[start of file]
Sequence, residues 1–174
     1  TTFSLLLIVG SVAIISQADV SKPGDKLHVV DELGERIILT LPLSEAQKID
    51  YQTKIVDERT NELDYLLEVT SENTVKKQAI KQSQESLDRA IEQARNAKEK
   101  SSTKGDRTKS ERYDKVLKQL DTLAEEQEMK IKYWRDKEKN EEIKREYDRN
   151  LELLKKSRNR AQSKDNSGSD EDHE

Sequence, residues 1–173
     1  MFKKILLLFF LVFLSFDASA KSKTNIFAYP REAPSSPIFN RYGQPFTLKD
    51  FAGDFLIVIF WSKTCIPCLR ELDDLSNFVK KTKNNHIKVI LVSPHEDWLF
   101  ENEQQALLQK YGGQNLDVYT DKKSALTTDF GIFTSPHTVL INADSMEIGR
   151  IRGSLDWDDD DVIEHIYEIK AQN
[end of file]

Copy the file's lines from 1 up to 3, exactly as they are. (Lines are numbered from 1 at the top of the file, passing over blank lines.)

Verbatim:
Sequence, residues 1–174
     1  TTFSLLLIVG SVAIISQADV SKPGDKLHVV DELGERIILT LPLSEAQKID
    51  YQTKIVDERT NELDYLLEVT SENTVKKQAI KQSQESLDRA IEQARNAKEK